Rise Shiraz 2008 (Clare Valley, SA)
$22.95, Screwcap, 14.5%
I was particularly impressed by these two gents 09 Watervale Rizza, which I stumbled upon at last years International Riesling Challenge, and this is one of the companion pieces to it.
Just like the Riesling too, the attention to quality and detail is admirable – hand picked fruit (off some good vineyards), open fermenters, 16 months in hogsheads and then bottled in a bottle made from recycled glass, with a recycled screwcap and a recycled paper label (with recyclable label backing).
The only thing in fact standing in this wines path to success is the growing season itself.
I’m going to quote here straight from the press release, as it explains alot (forgive me if this is old news, but it’s important for context):
‘2008 was a challenging year in Clare with little rainfall again, although the timing of rain was favourable. Cool ripening conditions prevailed throughout February, allowing for excellent flavour development and acid retention. However at the beginning of March an unprecedented heat wave hit Clare’
What this resulted in, and this story varies a bit, is grapes that were sugar ripe, but not physiologically ripe and chronic uneven ripeness, with one bunch shrivelled, the next bunch green and hard. You can smell that in this Shiraz too – with some lifted, intensely sweet, grape hubba bubba & cranberry ‘is this thing still fermenting’ juicy fruit , which then clashes with the shrill and slightly dank flavours of both over and underripe, heat affected fruit. It’s a nose that wavers then between sweetness and hardness, ripe and not ripe, mirroring the massive contrasts in conditions that the 08 growing season threw up.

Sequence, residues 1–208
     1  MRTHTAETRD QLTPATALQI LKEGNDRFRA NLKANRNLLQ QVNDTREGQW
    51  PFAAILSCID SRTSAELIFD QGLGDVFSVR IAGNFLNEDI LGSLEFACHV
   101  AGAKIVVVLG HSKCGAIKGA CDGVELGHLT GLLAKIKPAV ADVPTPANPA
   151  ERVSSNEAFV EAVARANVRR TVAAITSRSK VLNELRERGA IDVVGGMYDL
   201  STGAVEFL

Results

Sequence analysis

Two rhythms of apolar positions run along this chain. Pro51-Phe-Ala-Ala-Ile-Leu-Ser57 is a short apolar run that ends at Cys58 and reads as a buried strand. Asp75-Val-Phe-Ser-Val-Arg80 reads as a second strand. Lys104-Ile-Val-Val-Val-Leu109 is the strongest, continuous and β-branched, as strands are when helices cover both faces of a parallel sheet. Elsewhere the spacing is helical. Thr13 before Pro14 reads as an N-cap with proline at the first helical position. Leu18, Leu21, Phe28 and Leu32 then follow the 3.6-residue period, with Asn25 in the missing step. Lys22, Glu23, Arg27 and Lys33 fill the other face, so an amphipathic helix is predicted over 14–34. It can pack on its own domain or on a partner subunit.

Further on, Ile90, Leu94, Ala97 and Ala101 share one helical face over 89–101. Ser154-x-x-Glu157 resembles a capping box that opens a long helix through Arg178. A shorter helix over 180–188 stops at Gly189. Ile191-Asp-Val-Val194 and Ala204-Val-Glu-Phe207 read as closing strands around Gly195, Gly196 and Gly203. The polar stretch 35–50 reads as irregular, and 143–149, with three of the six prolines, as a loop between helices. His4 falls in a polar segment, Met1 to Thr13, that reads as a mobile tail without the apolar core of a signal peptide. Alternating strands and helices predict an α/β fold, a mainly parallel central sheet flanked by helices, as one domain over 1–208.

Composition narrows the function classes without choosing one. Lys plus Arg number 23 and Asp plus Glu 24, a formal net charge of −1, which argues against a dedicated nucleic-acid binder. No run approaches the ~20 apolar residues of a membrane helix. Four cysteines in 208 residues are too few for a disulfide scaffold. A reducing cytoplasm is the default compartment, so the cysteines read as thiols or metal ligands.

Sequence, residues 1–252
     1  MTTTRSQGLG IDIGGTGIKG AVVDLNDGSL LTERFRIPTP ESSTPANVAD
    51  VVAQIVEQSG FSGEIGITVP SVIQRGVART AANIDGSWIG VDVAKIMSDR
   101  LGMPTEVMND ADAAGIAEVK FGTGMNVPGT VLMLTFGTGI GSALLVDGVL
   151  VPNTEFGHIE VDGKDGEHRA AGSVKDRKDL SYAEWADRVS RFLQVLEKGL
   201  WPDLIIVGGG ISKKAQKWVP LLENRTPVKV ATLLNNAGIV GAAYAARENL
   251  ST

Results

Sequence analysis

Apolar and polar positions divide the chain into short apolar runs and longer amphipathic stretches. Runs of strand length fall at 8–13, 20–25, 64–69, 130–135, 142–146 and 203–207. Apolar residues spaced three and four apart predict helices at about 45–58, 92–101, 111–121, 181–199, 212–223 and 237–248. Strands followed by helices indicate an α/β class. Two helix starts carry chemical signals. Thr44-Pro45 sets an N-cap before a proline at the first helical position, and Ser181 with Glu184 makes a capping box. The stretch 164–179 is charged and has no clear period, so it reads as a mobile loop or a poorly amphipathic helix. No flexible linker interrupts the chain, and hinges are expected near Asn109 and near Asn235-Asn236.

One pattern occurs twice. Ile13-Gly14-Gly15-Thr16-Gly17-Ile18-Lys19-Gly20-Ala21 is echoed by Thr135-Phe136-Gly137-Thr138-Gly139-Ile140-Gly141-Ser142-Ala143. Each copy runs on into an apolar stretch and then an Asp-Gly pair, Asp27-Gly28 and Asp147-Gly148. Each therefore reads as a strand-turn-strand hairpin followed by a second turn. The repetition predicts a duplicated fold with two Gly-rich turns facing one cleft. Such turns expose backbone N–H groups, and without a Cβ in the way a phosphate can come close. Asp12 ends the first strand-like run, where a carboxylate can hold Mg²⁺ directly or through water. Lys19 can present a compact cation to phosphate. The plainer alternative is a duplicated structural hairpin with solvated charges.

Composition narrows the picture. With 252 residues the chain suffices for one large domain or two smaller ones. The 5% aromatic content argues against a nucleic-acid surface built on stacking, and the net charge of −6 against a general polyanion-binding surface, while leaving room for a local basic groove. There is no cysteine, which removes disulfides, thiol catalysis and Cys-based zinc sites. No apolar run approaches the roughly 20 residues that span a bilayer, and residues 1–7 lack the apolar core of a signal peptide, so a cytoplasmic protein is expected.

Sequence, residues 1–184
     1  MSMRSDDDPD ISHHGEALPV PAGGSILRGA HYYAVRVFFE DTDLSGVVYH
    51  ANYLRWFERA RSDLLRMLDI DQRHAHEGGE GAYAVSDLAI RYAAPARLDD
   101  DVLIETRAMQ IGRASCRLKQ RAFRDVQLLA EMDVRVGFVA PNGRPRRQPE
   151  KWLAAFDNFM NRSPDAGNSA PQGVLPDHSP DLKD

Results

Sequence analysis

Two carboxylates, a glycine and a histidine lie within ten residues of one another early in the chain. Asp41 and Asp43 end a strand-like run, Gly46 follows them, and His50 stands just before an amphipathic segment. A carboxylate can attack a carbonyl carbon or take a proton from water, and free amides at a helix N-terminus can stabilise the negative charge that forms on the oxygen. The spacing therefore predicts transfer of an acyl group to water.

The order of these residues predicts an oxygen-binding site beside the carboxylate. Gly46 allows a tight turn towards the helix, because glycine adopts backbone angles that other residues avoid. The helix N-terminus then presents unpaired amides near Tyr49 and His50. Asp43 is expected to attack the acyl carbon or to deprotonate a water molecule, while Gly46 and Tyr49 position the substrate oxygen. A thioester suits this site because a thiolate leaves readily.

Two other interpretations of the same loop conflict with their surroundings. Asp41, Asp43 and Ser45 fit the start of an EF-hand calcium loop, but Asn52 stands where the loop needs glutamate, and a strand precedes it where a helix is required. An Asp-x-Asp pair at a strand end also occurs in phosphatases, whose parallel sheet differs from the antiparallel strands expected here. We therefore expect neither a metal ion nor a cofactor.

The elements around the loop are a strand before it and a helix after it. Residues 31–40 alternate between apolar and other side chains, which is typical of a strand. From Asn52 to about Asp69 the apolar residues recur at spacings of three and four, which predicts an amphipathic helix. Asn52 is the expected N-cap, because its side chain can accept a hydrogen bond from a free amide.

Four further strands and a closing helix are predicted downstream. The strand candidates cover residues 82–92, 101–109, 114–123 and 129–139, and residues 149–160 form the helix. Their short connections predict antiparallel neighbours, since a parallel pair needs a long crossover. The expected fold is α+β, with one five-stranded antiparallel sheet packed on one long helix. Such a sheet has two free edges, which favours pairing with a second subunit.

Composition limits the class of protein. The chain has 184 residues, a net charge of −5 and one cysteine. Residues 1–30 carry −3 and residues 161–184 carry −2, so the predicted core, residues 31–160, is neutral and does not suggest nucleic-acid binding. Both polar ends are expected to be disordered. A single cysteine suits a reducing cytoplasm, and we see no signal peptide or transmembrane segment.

Interestingly though, and it’s a saving grace, the palate shows no greenness at all, tending instead to fleshiness, with rich gobfuls of plump plummy red fruit, finishing warm and slightly attenuated. It’s a palate that people will genuinely like – with lots of friendly and gluggable grapiness – but one that is ultimately built for short to medium term drinking.
As a whole wine, it’s clear that this has been well made, as shown simply by how (cleverly) generous and luscious the palate is, yet is still so obviously hobbled by some vintage affected fruit that it will (probably) never be a great wine.
Given the effort behind the wine though, and also good the Rizza was, I’d say lookout for the 2009 version. 16/86